Books, Law school

On summer break, books and pre-law school jitters

June events: San Beda law school enrollment and freshman orientation, plus my graduation rites at UP. Why hello there, my almost-over summer vacation/freedom.

How are you feeling, Tanya?

Everything just feels incredibly scary and exciting at the same time. It feels like every decision I make from this point onwards, including potential screw-ups and successes, will decide my entire life’s fate. Four years from now, I will look back to this moment either with remorse or fulfillment.

Honestly, I am afraid of wasting my parents’ sacrifices more than anything. I know how expensive law school is and although both of them appear to be so casual with the school fees, I know for a fact that we are not rich enough to be spending n pesos every semester just to put me into a good law school. My mom insists that “magagawan nalang yan ng paraan” and “God will provide” but I’ve always been the type to avoid causing people grief, specially my parents, which is also the very reason why I fear failing to meet nanay and tatay’s expectations.

Then there’s excitement – excitement over the fact that I am granted a second chance to make things right, perhaps better. During my undergrad degree at the university, there were quite some instances when I felt like I could have done things differently in terms of my grades, befriending (the right) people and most especially my spiritual life. While UP taught me to be critical and open-minded towards a lot of stuff, including religion, I am guilty and embarrassed how quick I settled with agnosticism just because it’s personally easier to think and act that way. Reason and religion does not easily coincide, so trusting only what your senses can fathom seems a logical alternative. At least that is how I saw it before.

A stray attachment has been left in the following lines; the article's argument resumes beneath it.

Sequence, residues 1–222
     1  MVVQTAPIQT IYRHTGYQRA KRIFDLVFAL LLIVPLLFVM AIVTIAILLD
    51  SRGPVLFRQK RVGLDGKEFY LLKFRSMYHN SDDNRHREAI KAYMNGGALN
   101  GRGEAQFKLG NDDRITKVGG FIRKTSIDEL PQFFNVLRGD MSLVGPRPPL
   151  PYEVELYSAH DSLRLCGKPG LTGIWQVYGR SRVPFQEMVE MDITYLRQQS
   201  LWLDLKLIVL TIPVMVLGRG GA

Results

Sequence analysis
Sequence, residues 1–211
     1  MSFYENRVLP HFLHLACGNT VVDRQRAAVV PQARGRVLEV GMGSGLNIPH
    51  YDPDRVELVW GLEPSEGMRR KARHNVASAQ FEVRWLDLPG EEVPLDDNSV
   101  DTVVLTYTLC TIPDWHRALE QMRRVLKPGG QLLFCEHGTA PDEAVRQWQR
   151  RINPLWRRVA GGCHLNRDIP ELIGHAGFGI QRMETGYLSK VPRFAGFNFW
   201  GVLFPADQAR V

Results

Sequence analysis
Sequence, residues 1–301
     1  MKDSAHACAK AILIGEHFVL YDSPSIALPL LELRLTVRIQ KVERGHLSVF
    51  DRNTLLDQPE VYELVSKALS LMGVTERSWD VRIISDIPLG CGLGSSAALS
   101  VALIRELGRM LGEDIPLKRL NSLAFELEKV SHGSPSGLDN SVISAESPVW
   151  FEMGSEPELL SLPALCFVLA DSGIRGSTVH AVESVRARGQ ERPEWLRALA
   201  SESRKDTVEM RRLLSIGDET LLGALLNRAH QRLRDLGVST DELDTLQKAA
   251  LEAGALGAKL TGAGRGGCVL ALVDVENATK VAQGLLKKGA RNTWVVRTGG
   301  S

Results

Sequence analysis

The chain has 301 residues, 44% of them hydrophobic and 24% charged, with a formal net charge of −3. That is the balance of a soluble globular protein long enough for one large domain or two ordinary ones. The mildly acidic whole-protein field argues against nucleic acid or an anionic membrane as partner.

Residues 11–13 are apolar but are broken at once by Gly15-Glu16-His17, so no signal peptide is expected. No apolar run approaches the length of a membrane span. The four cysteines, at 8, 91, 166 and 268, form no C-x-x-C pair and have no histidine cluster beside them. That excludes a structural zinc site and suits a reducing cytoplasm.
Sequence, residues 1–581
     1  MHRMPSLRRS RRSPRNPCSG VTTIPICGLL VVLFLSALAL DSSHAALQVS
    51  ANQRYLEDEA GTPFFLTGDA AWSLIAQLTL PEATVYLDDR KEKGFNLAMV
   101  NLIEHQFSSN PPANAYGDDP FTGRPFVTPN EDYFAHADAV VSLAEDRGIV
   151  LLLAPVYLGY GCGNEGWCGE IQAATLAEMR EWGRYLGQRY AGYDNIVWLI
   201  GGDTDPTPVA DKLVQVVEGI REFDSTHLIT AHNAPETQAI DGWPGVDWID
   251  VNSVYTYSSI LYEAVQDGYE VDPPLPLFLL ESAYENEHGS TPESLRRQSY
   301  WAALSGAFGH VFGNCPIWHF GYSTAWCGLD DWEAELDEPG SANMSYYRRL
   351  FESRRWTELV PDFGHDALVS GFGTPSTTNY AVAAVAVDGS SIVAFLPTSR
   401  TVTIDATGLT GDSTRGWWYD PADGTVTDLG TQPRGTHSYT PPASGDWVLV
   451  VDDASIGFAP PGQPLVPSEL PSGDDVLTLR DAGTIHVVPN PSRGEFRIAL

This blog post turned out to be longer than I expected it to be so I’m ending it with a short reading list. Below is a list of the books I’ve read (or in some cases, re-read) over the summer. I’m not sure if I am qualified to write a proper critique on these books and so should I write one, I’ll just save it for another post. The diversity in this selection is quite high, but I’d say I enjoyed reading 11 Minutes, Sputnik Sweetheart, and This is How You Lose Her the most. Miss Peregrine’s Home for Peculiar Children holds a special spot too, considering how the bizarre photographs used in the story are actually existing photo collection from various people, along with The Marriage Plot for including a substantial discussion on the humanities and for being written in an after-college life context.

• 11 Minutes, Paulo Coelho
• Dance, Dance, Dance, Haruki Murakami
• Miss Peregrine’s Home for Peculiar Children, Ransom Riggs
• Naomi and Ely’s No Kiss List, David Levithan & Rachel Cohn
• Love Story, Erich Segal
• Sputnik Sweetheart, Haruki Murakami
• The Curious Incident of the Dog in Nighttime, Mark Haddon
• The Kite Runner, Khaled Hosseini
• The Marriage Plot, Jeffrey Eugenides
• The Little Prince, Antoine de St. Exupery
• The Wind-up Bird Chronicle, Haruki Murakami
• Thirteen Reasons Why, Jay Asher
• This is How you Lose Her, Junot Diaz


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